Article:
War Through the Generations Challenge – World War One

I’ve been thinking about Reading Challenges for next year. At first I thought I would only do one or two, because I start out full of enthusiasm and then find that by listing the books I want to read often ends up with me forgetting about them and reading something completely different. I’m very much a ‘mood’ reader. This made me feel a bit pressured when I remembered that I haven’t read the books/finished a particular challenge.

But then I realised that the pressure is purely of my own making, and as I really enjoy making lists and seeing which books I already own would fit into a challenge, I’ve decided to go ahead, make my lists and if I do complete the challenge, so much the better. This of course, means that I’m not treating it as a ‘challenge’, but then I don’t consider reading is or should be a ‘challenge’.  I  think I’ll call it ‘themed reading‘.

My books fit so well into this theme, so I’m signing up for The War Through the Generations:World War 1 Challenge.

Here are the details:

The challenge will run from January 1, 2012, through December 31, 2012.

The books, whether fiction or non-fiction must have WWI as the primary or secondary theme and occur before, during, or after the war, so long as the conflicts that led to the war or the war itself are important to the story. Books from other challenges count so long as they meet the above criteria.

  • Dip: Read 1-3 books in any genre with WWI as a primary or secondary theme.
  • Wade: Read 4-10 books in any genre with WWI as a primary or secondary theme.
  • Swim: Read 11 or more books in any genre with WWI as a primary or secondary theme.

And these are my books:

  • All Quiet on the Western Front by Erich Maria Remarque – a book I mean to read each year. I started it a couple of years ago and never finished it. I’ll have to start again.
  • The Ghost Road by Pat Barker – set in 1918 as the War came to an end. This is the third in the trilogy. I haven’t got the first two, so hope this stands well on its own.
  • Testament of Youth by Vera Brittain. This is Vera Brittain’s autobiography. She was 21 in 1914.
  • Chronicle of Youth by Vera Brittain. This is her war diary 1913 – 1917 on which she based Testament of Youth.

11 thoughts on “War Through the Generations Challenge – World War One

  1. Thanks so much for joining the WWI reading challenge. I’ve got you on the participants list and will make sure these books are added to the recommended reading list.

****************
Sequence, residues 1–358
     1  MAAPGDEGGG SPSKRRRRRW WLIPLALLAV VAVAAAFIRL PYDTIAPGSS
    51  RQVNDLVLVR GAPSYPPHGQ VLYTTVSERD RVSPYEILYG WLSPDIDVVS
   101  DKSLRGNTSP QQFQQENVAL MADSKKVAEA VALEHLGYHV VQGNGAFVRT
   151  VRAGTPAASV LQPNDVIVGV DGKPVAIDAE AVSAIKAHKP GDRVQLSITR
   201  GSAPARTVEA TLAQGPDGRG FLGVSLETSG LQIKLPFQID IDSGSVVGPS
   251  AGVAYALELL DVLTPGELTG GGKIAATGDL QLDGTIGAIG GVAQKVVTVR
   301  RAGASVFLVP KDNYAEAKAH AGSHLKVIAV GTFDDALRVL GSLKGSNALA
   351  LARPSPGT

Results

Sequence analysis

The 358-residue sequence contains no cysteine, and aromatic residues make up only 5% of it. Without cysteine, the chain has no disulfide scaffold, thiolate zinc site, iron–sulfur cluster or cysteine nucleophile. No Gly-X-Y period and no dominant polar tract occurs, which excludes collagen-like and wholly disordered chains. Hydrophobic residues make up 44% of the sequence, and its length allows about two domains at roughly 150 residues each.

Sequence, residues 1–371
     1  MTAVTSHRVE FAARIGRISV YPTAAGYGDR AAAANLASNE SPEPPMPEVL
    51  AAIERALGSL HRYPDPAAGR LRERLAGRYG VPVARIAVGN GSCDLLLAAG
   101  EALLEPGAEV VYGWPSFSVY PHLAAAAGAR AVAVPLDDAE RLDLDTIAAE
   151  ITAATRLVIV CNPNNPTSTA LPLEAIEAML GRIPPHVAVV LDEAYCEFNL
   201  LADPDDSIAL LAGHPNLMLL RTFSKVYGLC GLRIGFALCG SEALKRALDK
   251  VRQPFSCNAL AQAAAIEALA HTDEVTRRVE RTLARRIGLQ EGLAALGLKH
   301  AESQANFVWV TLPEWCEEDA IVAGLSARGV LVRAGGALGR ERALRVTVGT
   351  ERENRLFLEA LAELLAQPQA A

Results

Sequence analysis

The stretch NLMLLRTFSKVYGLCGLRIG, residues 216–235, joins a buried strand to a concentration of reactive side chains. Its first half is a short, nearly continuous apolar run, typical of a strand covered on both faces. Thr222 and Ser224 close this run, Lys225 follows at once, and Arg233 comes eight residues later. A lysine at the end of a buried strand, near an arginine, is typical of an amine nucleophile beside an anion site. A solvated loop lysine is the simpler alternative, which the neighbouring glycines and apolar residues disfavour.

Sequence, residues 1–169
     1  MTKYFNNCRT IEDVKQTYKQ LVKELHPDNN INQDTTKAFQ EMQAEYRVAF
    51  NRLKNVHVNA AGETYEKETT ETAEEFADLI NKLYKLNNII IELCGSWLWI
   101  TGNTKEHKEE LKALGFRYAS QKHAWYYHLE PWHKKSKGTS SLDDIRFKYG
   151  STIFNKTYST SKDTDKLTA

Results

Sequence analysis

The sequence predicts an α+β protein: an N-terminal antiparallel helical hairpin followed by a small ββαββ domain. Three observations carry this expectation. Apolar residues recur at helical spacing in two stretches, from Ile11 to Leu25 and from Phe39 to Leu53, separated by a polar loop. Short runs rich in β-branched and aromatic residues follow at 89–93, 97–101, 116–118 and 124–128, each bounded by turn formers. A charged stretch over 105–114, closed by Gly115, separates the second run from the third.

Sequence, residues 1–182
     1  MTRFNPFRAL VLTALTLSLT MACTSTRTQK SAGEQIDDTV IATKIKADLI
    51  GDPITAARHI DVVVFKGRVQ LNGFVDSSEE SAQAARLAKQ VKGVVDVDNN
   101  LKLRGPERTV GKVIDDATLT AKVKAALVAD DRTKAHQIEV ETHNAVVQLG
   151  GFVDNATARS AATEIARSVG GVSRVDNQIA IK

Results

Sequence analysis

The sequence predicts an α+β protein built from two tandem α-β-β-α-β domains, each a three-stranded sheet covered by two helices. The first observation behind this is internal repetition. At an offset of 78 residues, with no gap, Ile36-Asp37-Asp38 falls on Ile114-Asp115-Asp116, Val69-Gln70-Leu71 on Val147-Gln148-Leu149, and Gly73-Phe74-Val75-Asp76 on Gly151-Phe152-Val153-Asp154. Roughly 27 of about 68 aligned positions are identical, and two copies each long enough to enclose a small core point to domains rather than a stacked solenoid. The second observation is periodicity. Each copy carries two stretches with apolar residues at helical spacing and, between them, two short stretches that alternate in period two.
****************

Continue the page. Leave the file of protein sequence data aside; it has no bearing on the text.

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  2. Oh, this one is very tempting. I have Testament of Youth and quite a few others that would fit. All Quiet is an amazing book and can I recommend (not that you need recs) Not so Quiet by Helen Zenna Smith about female ambulance drivers in WW1. And The First Casualty by Ben Elton is not bad either.

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  3. You have the same edition of Testament of Youth that I read a very long time ago. I’m trying not to sign up for too many challenges but I have sighned up for this one – I think the WW2 challenge a couple of years back might be my favourite reading challenge ever.

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  4. I’ve signed up for this challenge too. I prefer not to make lists in advance as I never manage to stick to them, but I’m also considering All Quiet on the Western Front and Pat Barker’s Regeneration trilogy. I read Testament of Youth a couple of years ago and found it a very moving and powerful book.

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  5. I dipped into the War Through the Generations challenge in 2011, Civil War Challenge, I have one more to read, but I’ve thoroughly enjoyed it. You are so right about the level of enthusiasm that comes with the declaration of a challenge and then we stray.

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  6. That’s an interesting challenge. I found All Quiet on the Western Front heartbreaking. It’s poetic at times and absolutely brutal at others, not really in the sense of violence, more in the sense of showing what happens to all those men (and boys) in the trenches.
    I think I’m going to sign up for this, I need to read more on WWI.

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  7. I enjoyed Pat Barker’s trilogy some years ago, but liked the first volume the most. To be honest, I can’t remember a lot about the Ghost Road, but the two main characters do build up throughout the trilogy…

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  8. This one looks interesting. I have the Vera Brittains which re very moving. I also have All Quiet on the Western Front, and Birdsong (Sebastian Faulks), both unread, while my husband has The First Casualty and a collection of WW1 memoirs, letters etc. Problem is would I find the theme too harrowing – and would I manage it alongside other challenges?

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  9. Of your selections, I’ve read all of them but The Ghost Road… and it’s sitting on my TBR shelves. This is a challenge that I really should sign up for.

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